Ordinarily, when an incumbent politician states that he doesn't plan on running for office for another term (when doing so is legal, of course), it can mean trouble for that political party's hold on that office. The incumbency advantage is nothing to laugh about -- in 2002, less than 4.5 percent of all Congresspersons running for re-election lost. In a two party system, the odds of losing an office you already hold go up nearly tenfold if the office-holder decides they aren't running again.
When Gov. Jim Doyle announces Monday that he won't seek re-election in 2010, however, it might actually be a good thing for Democrats. Doyle's poll numbers show that his approval rating is only 34 percent, with 60 percent of voters disapproving of his job performance as governor.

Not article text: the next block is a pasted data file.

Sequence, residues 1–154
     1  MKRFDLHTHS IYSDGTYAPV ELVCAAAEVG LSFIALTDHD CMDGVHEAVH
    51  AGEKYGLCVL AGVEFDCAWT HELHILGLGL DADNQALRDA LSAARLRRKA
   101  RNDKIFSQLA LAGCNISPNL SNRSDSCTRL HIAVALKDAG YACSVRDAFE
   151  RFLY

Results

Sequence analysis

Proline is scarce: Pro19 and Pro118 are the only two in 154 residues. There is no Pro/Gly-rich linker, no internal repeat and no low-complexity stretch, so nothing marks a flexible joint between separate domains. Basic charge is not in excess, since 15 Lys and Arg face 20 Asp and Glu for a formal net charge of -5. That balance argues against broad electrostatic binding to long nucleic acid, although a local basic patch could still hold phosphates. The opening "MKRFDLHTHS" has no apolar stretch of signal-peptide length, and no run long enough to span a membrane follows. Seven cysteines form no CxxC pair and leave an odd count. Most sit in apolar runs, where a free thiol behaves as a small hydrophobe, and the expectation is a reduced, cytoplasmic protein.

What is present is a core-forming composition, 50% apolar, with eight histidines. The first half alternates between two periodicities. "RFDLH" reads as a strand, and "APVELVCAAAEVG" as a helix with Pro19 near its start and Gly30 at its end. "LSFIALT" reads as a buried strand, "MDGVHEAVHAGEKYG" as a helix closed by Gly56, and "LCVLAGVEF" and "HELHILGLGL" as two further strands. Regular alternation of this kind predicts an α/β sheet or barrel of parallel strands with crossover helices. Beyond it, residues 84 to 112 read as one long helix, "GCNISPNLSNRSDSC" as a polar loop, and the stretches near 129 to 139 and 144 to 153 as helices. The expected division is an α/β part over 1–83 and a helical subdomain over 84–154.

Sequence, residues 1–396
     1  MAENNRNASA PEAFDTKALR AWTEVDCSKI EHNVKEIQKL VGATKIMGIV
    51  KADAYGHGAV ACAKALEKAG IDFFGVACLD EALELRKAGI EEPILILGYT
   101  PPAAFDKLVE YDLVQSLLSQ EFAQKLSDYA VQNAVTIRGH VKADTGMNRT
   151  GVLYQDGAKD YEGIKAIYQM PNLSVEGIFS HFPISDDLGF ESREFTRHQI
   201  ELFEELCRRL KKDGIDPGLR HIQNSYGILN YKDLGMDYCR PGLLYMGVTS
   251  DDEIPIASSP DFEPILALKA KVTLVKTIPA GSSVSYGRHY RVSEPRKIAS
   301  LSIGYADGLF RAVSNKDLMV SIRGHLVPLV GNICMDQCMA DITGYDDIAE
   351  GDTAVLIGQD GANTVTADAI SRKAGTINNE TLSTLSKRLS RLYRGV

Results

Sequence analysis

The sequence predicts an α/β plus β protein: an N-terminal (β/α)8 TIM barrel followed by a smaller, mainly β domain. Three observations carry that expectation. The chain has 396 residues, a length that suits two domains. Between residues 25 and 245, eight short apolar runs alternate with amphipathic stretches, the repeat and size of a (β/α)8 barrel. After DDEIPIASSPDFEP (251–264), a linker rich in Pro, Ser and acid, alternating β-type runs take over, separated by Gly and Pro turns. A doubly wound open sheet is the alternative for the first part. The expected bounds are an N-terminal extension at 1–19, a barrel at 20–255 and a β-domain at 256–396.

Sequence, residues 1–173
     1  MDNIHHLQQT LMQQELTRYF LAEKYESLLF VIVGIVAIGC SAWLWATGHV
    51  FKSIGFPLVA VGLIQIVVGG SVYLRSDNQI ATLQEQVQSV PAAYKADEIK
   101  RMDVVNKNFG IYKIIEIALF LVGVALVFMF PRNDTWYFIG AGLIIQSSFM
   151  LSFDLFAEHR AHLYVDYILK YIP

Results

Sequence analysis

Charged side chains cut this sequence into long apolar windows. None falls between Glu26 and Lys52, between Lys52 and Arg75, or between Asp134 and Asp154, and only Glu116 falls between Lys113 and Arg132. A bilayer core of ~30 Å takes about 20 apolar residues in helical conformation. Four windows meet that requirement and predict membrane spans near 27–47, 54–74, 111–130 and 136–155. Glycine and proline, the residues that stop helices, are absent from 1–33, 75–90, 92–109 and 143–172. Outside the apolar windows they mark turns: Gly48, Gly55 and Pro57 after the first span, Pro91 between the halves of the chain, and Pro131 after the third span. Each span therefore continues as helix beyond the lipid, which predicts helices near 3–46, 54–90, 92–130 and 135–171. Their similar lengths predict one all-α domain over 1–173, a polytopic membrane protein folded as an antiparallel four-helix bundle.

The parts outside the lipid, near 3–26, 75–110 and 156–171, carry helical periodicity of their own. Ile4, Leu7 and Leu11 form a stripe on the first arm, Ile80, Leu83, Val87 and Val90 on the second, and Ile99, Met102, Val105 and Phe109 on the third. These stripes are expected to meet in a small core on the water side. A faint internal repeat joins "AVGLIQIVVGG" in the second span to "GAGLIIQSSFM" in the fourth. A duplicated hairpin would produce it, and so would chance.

Meanwhile, disapproval for GOP front runner Scott Walker is near that of Jim Doyle's, at 31 percent. But 37 percent of Wisconsinites don't know what to think of Walker. As a relatively unknown candidate elsewhere in Wisconsin, having one-third of the state already disapproving of your job performance is a very serious problem to face one year away from the general election.
A formidable Democratic gubernatorial candidate, then, could prove to be a real challenge for Walker. For the Democrats, such a candidate is better than a candidate that the people have lost their confidence in. Doyle's decision to sit out the election next fall is not only good for him politically, but also for the party he represents. We can expect a close race in 2010, with Democrats already having a slim advantage.